Meet the Winners of Living Proof’s Women’s Leadership Solution Prize in Collaboration with MIT Solve
While there are many challenges in today’s world that can feel overwhelming, there’s some good news: There are just as many solutions in the works, too. Take, for instance, MIT Solve, an annual initiative that invites entrepreneurs and innovators to submit their ideas for overcoming global concerns, such as healthcare inequity. The best solutions win funding and other prizes.
This year, we were thrilled to share that Living Proof’s CEO, Zach Reiken, would be a member of MIT Solve’s 2022 Global Challenge Leadership Group, a role that entailed helping with outreach and recruitment, supporting the work of the 2022 Solver Class, and choosing the most promising solutions.
Now, we’re equally excited to share two companies that have won the Living Proof Prize: Women’s Leadership Solutions, which offers funding and support, with Reiken’s input. SameSame is on a mission to offer tailored support to LGBTQI+ youth on a global scale, while Blue Butterfly works with local partners in Haiti to develop and distribute high-quality, educational media for children, inspiring them to unleash their full potential.
Here, we asked leaders from each initiative—the cofounder and vice president of SameSame (she/her) and co-executive director Suzanne Cole of Blue Butterfly, to share more about their innovations and the impact they can (and already do) have on the world.
Answers have been lightly edited for clarity.
What inspired you to create SameSame?
The SameSame team is a collective of queer professionals from different walks of life who have come together to build what we wish we had when we were growing up. In very different ways, we’ve all had the chance to work on projects that have aimed to entertain, support, and empower young people in the Global South. Members of our team have helped build chatbots for the WHO, while other members of the team have created award-winning content that’s been screened at Sundance, often in collaboration with one another.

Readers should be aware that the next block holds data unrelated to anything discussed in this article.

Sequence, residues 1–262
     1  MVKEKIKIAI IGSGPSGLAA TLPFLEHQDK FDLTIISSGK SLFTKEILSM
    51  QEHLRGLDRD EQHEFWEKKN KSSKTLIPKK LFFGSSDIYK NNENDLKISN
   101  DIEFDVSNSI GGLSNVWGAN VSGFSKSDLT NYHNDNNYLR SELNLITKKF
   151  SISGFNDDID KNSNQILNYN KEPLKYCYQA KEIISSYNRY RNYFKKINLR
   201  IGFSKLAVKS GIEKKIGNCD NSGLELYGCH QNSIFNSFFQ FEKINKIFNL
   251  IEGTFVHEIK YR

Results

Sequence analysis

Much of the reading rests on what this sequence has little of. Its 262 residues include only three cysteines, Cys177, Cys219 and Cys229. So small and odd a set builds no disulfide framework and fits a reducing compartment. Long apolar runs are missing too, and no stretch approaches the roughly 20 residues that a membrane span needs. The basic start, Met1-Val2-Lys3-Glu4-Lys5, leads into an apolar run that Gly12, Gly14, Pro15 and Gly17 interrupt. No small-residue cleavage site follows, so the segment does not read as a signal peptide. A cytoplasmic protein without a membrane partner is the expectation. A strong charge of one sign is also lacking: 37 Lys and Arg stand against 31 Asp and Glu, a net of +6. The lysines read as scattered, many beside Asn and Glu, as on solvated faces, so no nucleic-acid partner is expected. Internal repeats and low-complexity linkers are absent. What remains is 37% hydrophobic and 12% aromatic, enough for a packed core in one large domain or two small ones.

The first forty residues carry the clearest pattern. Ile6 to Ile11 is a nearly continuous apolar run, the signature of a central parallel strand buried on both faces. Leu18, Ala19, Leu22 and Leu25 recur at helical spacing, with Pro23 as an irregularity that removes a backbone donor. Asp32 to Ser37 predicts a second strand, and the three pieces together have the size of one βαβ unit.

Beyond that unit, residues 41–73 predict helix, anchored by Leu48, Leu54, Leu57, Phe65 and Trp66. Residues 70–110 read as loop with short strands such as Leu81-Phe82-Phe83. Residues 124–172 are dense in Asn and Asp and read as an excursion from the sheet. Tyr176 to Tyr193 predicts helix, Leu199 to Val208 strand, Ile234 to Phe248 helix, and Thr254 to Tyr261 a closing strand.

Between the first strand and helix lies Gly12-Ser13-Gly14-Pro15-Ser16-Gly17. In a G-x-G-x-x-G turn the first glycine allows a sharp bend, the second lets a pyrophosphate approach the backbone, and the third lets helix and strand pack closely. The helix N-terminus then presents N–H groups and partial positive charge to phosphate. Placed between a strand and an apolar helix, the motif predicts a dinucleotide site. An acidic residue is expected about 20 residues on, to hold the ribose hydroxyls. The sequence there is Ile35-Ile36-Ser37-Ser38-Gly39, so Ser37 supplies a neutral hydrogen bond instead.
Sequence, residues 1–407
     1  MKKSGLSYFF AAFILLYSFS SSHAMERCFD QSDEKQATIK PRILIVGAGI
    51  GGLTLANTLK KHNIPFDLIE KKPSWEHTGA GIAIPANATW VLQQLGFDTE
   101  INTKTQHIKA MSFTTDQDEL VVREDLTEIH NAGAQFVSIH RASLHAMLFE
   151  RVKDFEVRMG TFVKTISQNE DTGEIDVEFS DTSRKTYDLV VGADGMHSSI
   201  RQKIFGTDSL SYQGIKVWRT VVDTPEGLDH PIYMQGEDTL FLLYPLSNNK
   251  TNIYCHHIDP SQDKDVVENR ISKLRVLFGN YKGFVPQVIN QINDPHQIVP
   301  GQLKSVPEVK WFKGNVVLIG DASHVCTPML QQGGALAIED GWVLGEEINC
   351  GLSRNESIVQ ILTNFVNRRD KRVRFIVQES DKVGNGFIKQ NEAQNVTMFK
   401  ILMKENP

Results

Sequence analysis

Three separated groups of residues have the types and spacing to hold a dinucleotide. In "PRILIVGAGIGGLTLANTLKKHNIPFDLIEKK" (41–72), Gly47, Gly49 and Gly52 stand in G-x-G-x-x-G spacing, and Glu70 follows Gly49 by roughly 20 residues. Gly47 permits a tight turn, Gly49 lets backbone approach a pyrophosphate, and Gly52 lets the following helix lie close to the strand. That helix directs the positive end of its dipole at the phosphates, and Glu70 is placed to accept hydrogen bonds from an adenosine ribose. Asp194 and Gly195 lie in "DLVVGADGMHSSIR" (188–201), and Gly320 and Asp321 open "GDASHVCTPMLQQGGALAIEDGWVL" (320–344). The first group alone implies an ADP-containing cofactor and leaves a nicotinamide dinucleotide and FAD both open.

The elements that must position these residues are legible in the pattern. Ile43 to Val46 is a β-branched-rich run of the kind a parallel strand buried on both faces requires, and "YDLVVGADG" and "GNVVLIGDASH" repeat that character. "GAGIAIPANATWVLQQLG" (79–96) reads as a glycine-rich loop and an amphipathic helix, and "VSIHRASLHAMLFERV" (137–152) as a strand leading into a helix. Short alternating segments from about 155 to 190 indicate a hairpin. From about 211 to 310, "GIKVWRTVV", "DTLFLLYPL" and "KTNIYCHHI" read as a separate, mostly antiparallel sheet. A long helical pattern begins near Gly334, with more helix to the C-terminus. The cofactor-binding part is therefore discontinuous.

We’ve never had the chance, however, to take what we’ve learned and to build something that’s explicitly made for our community. Too often we’ve seen that online spaces and services just seem to replicate the same inequities we see in our day-to-day lives. On the other hand, we’ve also experienced how powerful it can be to discover who you are online, without fear of judgment. Eventually, we just felt compelled to do something about the lack of safe and affirming online spaces for LGBTQI+ (lesbian, gay, bisexual, transgender, queer and intersex) youth in the places we grew up, in the places we work day-to-day. We just lost patience, I suppose. Maybe it’s really true: We are the ones we’ve been waiting for.
What is SameSame, and how does it work?
We believe that everyone should have access to the support and space they need to navigate the highs and lows of adolescence and young adulthood, setting them up to achieve their potential no matter who they are, no matter where they live, no matter who they love.
SameSame was founded to develop and scale tailored support to LGBTQI+ youth across the world, equipping them with the tools they need to fight internalized stigma, anxiety and depression while boosting their mental wellbeing and connecting them to one another and potentially life-changing services.
SameSame’s first product is a chatbot, accessible via WhatsApp, that offers our users access to links to vetted resources, a chance to ask experts questions without judgment, the opportunity to read true-life stories from young people whose experiences mirror their own and an 8-session, self-guided cognitive behavioral therapy (CBT) course that’s based on an in-person intervention that’s been proven to work in North America.
Can you share an example of the issue SameSame aims to address?
In South Africa, once christened the rainbow nation, queer youth suffer from depression at four times the rate of their peers, despite the fact the country has one of the most liberal constitutions in the world when it comes to protecting sexual minorities. The situation in countries without legal protections, where same-sex activity and forms of gender expression are criminalized is even worse. Across the world, LGBTQI+ youth struggle with mental health challenges at exponentially higher rates, just because they’re different.